PORTLAND, Ore. (Reuters) - John Kitzhaber, who resigned as Oregon’s governor in February over an influence-peddling scandal, told staff that state energy policies should match those his fiancée was being paid to promote for an outside group, the Oregonian newspaper reported.
In a memo to staff the newspaper obtained through public records requests, Kitzhaber wrote that his fiancée, first lady Cylvia Hayes, ought to play the same role, as a spokesperson and advocate for his office, as she does as a fellow at the Washington, D.C.-based Clean Economy Development Center.
“Cylvia needs to be advocating the same clean economy policy in her role as spokesperson/advocate for the Governor’s Office and her role as a Clean Economy Fellow. There cannot be any daylight between them,” Kitzhaber said in the 2011 memo posted on the Oregonian website on Thursday. “But this is another reason why she needs a role in developing the policy itself.”
Kitzhaber resigned amid federal corruption probes stemming from allegations Hayes used her role in his office for personal gain. He has denied any wrongdoing, and no charges have been brought in an ongoing federal investigation.
Hayes has admitted to receiving $118,000 in previously undisclosed consulting fees in 2011 and 2012 for her work with the non-profit Clean Economy Development Center while also advising the governor on energy policy.
Kitzhaber, who did not reveal those consulting fees in annual disclosure filings, has said the pair did not see her two roles as a potential conflict of interest and therefore did not believe it had to be reported.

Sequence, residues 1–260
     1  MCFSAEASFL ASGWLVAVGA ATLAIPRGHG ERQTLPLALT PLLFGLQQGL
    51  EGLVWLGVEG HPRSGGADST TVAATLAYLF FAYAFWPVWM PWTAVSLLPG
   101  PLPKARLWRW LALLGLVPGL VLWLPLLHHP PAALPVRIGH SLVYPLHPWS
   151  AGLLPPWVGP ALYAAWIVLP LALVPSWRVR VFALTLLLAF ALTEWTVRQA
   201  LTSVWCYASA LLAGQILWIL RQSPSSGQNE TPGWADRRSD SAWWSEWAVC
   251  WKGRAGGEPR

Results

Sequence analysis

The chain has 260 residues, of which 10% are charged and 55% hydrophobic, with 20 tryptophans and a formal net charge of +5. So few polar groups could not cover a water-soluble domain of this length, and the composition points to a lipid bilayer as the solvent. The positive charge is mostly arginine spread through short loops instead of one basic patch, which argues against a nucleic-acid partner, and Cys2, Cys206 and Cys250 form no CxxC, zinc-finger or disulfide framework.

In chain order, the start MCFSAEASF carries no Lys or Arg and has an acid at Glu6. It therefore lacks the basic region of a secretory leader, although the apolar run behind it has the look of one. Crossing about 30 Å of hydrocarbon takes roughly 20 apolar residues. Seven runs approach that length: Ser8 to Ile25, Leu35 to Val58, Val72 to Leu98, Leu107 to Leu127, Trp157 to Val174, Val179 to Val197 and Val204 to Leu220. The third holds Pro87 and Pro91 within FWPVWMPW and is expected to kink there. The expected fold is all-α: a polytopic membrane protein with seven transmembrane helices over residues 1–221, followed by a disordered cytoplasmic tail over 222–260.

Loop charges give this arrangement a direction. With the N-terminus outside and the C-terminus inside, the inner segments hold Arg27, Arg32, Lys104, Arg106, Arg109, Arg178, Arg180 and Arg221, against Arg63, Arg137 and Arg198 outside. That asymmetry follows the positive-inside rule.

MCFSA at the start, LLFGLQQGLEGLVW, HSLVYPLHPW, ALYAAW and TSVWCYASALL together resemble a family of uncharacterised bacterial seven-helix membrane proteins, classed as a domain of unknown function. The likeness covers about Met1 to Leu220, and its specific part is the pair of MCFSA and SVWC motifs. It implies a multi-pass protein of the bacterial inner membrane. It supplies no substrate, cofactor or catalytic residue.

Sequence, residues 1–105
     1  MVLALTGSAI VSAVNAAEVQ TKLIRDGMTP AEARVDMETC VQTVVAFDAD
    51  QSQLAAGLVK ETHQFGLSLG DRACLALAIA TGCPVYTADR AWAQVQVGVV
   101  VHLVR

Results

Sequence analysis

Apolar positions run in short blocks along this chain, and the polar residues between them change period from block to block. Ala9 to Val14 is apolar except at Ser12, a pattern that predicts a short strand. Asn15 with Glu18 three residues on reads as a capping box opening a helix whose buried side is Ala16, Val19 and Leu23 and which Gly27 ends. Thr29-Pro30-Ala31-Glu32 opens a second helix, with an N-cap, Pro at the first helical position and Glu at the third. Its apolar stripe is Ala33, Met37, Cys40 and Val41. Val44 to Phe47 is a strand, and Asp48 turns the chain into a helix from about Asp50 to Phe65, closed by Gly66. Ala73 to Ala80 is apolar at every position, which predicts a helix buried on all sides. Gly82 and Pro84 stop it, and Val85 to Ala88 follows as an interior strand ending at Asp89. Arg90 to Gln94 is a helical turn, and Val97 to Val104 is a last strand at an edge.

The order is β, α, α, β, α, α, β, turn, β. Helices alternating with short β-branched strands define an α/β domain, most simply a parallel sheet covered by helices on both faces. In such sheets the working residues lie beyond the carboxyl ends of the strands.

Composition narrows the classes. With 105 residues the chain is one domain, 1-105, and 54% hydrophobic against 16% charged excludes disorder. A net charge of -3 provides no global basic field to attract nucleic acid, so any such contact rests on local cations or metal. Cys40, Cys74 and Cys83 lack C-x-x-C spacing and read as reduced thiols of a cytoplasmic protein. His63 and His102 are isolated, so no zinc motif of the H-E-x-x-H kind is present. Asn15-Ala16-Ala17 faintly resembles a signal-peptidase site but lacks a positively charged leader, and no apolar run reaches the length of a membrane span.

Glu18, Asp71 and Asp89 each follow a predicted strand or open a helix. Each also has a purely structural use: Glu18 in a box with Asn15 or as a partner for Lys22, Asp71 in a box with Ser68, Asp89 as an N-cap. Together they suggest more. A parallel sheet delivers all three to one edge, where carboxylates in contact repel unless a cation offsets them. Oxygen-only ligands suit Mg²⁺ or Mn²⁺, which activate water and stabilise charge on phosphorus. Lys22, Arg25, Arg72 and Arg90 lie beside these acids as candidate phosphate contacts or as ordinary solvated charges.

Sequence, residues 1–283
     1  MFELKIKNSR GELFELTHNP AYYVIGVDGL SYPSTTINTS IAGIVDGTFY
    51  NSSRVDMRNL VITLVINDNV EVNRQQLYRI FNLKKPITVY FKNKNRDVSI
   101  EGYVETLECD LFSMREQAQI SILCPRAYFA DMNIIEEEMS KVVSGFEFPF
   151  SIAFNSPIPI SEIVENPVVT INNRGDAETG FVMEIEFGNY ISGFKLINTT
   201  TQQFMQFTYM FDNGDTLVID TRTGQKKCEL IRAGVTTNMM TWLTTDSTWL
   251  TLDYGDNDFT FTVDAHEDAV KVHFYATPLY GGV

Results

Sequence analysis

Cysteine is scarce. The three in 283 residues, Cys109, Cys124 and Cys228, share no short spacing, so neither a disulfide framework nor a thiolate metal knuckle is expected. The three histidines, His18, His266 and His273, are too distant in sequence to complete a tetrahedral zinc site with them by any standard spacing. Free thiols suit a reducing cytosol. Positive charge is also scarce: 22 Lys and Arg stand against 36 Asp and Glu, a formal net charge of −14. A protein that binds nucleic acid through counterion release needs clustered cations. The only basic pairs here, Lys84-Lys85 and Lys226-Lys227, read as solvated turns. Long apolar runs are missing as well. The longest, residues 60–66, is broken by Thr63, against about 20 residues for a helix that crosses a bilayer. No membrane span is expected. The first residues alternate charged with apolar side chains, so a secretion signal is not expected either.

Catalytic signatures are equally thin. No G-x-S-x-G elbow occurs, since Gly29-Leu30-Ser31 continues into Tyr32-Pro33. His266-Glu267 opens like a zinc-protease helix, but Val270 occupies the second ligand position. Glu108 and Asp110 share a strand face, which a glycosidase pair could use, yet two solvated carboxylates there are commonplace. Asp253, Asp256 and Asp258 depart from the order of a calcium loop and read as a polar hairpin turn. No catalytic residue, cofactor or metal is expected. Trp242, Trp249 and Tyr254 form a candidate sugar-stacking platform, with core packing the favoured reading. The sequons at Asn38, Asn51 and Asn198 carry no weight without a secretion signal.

The center said on its website that Hayes’ fellowship focused on advocating the economic benefits of clean economy projects. She was never on the center’s payroll directly but her fellowship was funded by two foundations, with payments made to Hayes’ consulting firm, 3E Strategies, it said.
“Former Governor Kitzhaber at no point altered his administration’s policies to match those promoted by the non-profits that employed Ms. Hayes,” Kitzhaber’s attorney Janet Hoffman said in a statement responding to the email’s release.
Hoffman said Kitzhaber looks forward to a full and unbiased review of the facts.
Kitzhaber and Hayes have fought the release of their private emails to local media. Hayes was not paid for her role in Kitzhaber’s office.
An attorney representing Hayes could not be reached immediately for comment. Nor could a representative of the Clean Economy Development Center.
Reporting by Shelby Sebens in Portland, Oregon; Editing by Eric M. Johnson in Seattle and Richard Chang